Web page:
Dynasty leagues are often won by the teams that uncover value where others see none. Last year Gary Barnidge was a waiver add in even the deepest leagues while fourth round rookie picks from last year like Stefon Diggs and Thomas Rawls each provided significant ROI.
There’s signal to be found in the rotosphere if you know what to look for, but there’s also a lot of noise, which makes identifying these players challenging. That’s why I like to plant as many quality “seeds” (rostering or monitoring pre-breakout, under-hyped players). Any individual seed is unlikely to blossom into a stud, but if you plant enough quality ones, you give yourself a chance to get cheap starters. I’ve already talked about the seeds I am planting at running back and quarterback (for 2QB and superflex leagues), this post will focus on wide receivers who are either currently not starting, or not yet priced as viable fantasy starters.
No one was more skeptical of Daniel Murphy than I. Of course, I usually am slow to accept unexpected breakouts. The owner of Murphy in my dynasty league is well on his way to a last place finish and had been shopping Murphy all year. I have Jason Kipnis and Ben Zobrist so I wasn’t particularly motivated and eventually the other owner sold Murphy for Austin Meadows and Carlos Rodon, a return that I thought to be extremely strong. For months I was told how he would provide better statistics with far few strikeouts – they count in my league. But I held firm, I was convinced that the day I hypothetically acquired him would be the day he reverted back to his high average low everything else ways. However, he hasn’t and shows no signs of doing so.
The new Daniel Murphy emerged in the playoffs last year when he stroked seven home runs in 14 games on the way to earning himself a nice new contract with the Nationals. To date, he hasn’t missed a beat. The following monthly splits are from this year.
Hi all. I write about strategy, decision making, and human behavior as they relate to fantasy baseball and not-fantasy baseball over at Baseball Prospectus. Here at TDG I have written an article about these topics as they relate to fantasy football. If you have read my fantasy baseball articles, then you will recognize the concepts discussed in this article. My hope is that the ideas discussed are properly related to the concepts of fantasy football.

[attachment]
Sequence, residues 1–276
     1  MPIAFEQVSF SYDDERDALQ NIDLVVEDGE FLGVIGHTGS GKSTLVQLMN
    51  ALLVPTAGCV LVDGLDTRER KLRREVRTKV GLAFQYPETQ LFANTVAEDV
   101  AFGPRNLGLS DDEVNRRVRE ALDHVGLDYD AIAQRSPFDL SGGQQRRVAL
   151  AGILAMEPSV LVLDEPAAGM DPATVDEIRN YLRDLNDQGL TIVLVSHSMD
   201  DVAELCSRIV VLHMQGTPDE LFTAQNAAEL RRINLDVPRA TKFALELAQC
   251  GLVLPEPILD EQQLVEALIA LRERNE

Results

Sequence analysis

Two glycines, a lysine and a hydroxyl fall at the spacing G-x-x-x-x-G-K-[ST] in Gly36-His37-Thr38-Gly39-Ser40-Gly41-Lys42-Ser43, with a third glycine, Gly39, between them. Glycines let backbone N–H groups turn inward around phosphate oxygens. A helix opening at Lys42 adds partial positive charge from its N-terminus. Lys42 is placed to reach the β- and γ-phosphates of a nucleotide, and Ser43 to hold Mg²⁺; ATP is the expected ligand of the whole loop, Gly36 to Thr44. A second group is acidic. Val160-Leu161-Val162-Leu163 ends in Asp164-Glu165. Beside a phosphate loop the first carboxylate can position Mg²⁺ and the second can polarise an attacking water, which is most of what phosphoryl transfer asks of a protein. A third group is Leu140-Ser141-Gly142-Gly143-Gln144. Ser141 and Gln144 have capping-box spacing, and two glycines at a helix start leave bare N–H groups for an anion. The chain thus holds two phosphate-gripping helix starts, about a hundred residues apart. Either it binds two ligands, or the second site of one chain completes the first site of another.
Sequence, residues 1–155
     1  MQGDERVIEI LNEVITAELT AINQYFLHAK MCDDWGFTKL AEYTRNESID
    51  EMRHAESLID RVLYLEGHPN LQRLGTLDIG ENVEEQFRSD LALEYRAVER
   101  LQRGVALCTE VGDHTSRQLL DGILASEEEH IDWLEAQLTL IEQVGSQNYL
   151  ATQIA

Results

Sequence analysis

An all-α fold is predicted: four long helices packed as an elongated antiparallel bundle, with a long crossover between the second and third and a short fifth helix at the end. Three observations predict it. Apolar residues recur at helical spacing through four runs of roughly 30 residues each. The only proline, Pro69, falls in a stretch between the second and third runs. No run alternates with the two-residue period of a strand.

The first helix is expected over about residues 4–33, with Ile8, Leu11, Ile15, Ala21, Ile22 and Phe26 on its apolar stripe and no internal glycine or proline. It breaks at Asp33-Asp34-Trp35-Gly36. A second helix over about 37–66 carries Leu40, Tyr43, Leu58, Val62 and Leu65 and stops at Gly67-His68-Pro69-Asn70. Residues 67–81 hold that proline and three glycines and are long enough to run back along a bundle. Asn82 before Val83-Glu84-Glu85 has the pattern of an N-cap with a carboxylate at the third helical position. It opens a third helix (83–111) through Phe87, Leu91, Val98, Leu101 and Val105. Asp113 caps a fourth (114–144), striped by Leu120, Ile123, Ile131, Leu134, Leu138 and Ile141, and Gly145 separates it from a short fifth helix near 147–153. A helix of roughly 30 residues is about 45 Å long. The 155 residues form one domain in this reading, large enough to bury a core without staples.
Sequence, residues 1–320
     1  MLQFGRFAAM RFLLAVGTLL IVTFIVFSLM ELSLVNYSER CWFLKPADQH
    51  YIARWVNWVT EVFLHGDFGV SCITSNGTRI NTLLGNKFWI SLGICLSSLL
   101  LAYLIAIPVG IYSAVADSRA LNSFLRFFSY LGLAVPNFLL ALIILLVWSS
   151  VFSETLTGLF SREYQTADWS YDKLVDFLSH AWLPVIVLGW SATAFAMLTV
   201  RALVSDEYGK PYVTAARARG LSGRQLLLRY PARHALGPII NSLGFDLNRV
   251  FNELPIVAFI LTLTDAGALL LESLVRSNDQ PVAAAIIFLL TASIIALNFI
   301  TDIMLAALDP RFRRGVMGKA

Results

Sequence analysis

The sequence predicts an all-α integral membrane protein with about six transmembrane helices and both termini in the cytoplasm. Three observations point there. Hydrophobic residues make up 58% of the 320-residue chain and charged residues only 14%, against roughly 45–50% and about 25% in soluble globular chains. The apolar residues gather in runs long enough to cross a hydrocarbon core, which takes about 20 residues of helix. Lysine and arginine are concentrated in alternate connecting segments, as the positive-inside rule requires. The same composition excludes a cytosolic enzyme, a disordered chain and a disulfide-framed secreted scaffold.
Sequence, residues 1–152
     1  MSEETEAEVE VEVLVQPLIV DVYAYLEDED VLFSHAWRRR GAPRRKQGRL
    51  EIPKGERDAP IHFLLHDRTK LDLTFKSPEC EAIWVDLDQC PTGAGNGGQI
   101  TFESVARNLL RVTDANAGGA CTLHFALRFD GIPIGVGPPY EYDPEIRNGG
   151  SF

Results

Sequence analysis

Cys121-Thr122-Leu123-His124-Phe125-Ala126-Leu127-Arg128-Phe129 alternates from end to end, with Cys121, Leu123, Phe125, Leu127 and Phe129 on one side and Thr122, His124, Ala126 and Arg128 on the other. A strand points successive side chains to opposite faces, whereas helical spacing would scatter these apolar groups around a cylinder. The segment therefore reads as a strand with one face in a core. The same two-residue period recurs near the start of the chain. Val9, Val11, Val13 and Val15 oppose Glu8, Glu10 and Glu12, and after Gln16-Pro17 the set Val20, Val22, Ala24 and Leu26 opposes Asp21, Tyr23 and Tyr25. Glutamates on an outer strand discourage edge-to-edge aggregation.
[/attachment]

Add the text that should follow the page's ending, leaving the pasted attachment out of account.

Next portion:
After a long offseason, after a lot of draft and auction preparation, after a lot of strategizing, drafts and auctions are finally upon us. We are in a wonderful day and age for fantasy football participants in which more amazing player analysis and (stemming from that player analysis) amazing strategy analysis is readily available than there was ever before thanks to our old friend the internet. Tons of information and analysis can be accessed with only a wi-fi connection and a little bit of effort on the participant’s behalf. The result of this? The 2016 fantasy football participant population (at least those competing in “competitive” leagues) will likely be the most informed and prepared fantasy football participant population ever.
The issue—at least an issue for those trying to win—is that preparedness or consuming the best analysis or having the most cutting edge strategy is likely only going to be enough to keep up with our competition as opposed to differentiate us. Why? Because if everyone is more informed, if everyone is improving, then no one is better off. In other words, improving is a means of survival rather than a means to thrive. So how then do we thrive? How can we hope to improve in ways beyond our competition? To do so, we need to improve in areas outside of rankings and analysis.